Consider this. Fifteen crore individuals, better known as the Denotified Tribes (DNT) of India, continue to be considered ‘criminal by birth’.
The term, ‘De-notified and Nomadic Tribes’, can be traced to the Criminal Tribes Act (CTA) of 1871. The colonial government notified nearly 200 tribal communities to be hereditary criminals, cementing their societal identity as outcasts and subjecting them to constant harassment by the administration. After India gained Independence, these tribes were ‘de-notified’ from the list of Criminal Tribes, and, hence, the term.
Several reasons can be ascribed to state-sanctioned stigmatisation of the DNTs in India under British rule, including the strategy to identify their allies and at the same time, subdue and monitor activities of rebellious tribal communities in India.
The CTA allowed for close supervision and control over the mobility of the tribes which were notified by the provincial governments. The Act was amended in 1897, 1908 and 1911 to give sweeping powers to the authorities, some as draconian as allowing the state to remove any child of the age of six and above from its ‘criminal’ parents. By 1924, certain provisions were amended, and the Act was finally applicable to the whole of British India. Along with the introduction of laws such as the Forest Acts and the Salt Tax Act, the British threw a noose around the the lives of DNTs using stringent regulations.
It is only in independent India that the need was felt to shift the collective burden of criminality to the individual, which led to the CTA being repealed and the Habitual Offenders Act (HOA) being enacted in various States. Not all States enacted it, Currently, a variant of the HOA Model Bill as proposed by the Union Government then stands enforced in 10 States across the country, having been enacted in many more.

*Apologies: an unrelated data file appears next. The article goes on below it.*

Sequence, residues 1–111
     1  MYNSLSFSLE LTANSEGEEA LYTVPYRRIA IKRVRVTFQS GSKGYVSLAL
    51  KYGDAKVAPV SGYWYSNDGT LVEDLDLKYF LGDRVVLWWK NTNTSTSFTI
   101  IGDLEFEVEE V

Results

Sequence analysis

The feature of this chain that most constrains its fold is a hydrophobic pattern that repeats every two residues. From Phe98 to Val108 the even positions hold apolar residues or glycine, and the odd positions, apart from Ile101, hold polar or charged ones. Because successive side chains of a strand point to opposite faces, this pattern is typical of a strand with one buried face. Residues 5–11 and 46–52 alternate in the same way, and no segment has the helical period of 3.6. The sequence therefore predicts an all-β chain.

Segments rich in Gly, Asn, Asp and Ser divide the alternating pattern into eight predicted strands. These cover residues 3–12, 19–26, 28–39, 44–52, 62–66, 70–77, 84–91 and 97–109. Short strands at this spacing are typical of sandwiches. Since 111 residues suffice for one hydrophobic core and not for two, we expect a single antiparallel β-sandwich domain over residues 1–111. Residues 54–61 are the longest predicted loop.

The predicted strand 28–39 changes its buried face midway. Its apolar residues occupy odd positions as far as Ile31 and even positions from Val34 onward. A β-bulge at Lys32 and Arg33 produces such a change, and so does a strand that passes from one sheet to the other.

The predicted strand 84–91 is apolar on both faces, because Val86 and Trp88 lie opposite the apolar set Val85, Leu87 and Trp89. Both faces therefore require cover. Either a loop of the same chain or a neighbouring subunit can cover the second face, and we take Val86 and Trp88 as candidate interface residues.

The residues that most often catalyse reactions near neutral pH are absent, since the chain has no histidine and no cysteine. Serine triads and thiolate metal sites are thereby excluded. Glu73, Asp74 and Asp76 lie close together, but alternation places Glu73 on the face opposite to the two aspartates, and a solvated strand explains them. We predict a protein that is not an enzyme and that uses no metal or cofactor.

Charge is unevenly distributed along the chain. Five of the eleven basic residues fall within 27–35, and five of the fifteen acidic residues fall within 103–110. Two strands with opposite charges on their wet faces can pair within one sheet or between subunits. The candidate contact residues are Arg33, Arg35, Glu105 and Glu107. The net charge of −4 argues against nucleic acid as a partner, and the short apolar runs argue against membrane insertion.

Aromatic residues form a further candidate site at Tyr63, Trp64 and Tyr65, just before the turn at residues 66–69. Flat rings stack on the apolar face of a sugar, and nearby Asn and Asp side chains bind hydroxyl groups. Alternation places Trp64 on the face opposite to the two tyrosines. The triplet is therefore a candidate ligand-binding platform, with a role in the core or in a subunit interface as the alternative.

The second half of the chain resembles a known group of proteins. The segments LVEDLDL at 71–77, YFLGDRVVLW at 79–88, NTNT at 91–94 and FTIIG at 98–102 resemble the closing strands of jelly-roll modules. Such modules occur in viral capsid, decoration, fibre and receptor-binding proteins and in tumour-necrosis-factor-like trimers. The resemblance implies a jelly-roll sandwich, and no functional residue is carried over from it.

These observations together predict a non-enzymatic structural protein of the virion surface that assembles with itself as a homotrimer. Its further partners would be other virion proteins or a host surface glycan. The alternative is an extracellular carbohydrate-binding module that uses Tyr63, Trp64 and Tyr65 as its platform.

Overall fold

However, the HOA functioned as a mere extension of the CTA. Nomadic and semi-nomadic communities continued to face harassment at the hands of law enforcement agencies. Certainly, the mere repeal of the CTA could not change the mindset of government officials or members of society. The fact is that even in the 21st century, DNTs continue to face ostracisation by society at large. Given their centuries-old tradition of constant movement, they often do not possess any residential proof, which leaves them out of the majority of the government’s developmental schemes. Those deemed eligible for such schemes were randomly grouped under the Scheduled Castes, Scheduled Tribes or Other Backward Classes categories. As a result, most members of the DNTs continue to be out of the orbit of steps being taken to end discrimination.
To address these issues, the first National Commission for Denotified, Nomadic and Semi-nomadic Tribes (NCDNT) was constituted in 2003, and reconstituted two years later under the chairpersonship of Balkrishna Renke, which submitted its report in 2008. The recommendations found an echo in the Idate Commission, constituted with the similar mandate in 2015, and currently withholding public release of its report. However, denied funding by the Ministry of Social Justice and Empowerment in fulfilling its mandate of carrying out survey and field validation work, the Idate Commission Report lacks the scientific data necessary to introduce reforms to address the plight of DNTs.
The NCDNT report clearly recommends repealing the various HOAs. This has also been the constant refrain of community leaders, representatives and civil society organisations — as the Act still casts its shadow of the state on communities. The onus is thus upon us, lawmakers at the helm of democratic institutions that govern the country, to finally bring down the curtains on this age-old, state-sanctioned stigmatisation, and act upon the demands put forth by the DNTs.
However, it is important to learn from previous mistakes. A mere repeal of the law will not address their need for establishing society-wide changes to gain access to political-social-economic welfare. Thus, the repeal of the HOA has to be accompanied by a slew of legal reforms to address the multitude of issues DNT communities face. Their unique lifestyle requires positive affirmation and development policies that cater to their long-standing and overlooked needs. It should be the duty of the government to be proactive and reach out to the DNTs since the latter would understandably refrain from seeking state help. As the sun sets on the 16th Lok Sabha, let us ensure that it also marks an end to the oppression of the nomadic and semi-nomadic tribes of India.
A.P. Jithender Reddy is the Member of Parliament from Mahbubnagar, Telangana, and is the floor leader for the Telangana Rashtra Samithi. Research assistance by Paritosh Mulay
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